The Pittsburgh Supercomputing Center (PSC) received a $7.6 million, four-year grant from the National Science Foundation this week to develop a larger storage system capable of facilitating massive amounts of “big data.”
The grant will enable PSC to develop a prototype Data Exacell (DCX) in collaboration with chosen scientific research projects, a major boost to research at the region’s universities. The focus of the project is data storage, retrieval and analysis that will enhance PSC’s capacity, says Michael Levine, scientific director for PSC.
“We are very pleased with this opportunity to continue working cooperatively to advance the state of the art based on our historical strengths in information technologies and to apply the resulting advances to a wide range of important scientific research,” said Subra Suresh, the new president of Carnegie Mellon University, and Mark Nordenberg, chancellor of the University of Pittsburgh, in a joint statement.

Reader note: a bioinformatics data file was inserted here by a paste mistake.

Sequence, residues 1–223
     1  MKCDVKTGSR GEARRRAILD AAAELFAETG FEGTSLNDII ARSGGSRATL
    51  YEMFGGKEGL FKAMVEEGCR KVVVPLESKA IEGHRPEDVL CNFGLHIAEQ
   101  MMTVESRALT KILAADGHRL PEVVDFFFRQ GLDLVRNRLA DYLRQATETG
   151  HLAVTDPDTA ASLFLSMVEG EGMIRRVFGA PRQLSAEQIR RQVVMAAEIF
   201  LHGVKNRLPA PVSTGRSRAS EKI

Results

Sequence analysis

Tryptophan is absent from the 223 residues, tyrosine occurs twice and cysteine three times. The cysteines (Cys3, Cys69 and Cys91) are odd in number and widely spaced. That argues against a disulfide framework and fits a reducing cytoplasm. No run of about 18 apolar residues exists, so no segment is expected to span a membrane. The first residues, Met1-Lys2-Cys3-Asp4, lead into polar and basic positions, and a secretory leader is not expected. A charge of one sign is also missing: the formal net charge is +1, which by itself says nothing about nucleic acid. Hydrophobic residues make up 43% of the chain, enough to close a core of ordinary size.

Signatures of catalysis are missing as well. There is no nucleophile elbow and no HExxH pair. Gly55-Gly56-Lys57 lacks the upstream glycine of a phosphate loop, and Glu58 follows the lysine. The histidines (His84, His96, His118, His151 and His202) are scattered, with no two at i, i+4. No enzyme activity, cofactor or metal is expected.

Big Data is a broad field including challenges from both traditional high-performance computing and other fields of research that depend on methodologies more focused on data collection and analysis than on computation.
Pittsburgh considers itself well on the way to becoming a hub for data mining and machine learning, harnessing the billions of data bytes in the cloud for business and research to not only solve problems but predict the future. Companies like IBM, which acquired Vivisimo in Squirrel Hill, and Google are working on it.
One result of this effort will be a robust, multifunctional system for big data analytics that will be ready for expansion into a large, production system.
Writer: Deb Smit
Source: Pittsburgh Supercomputing Center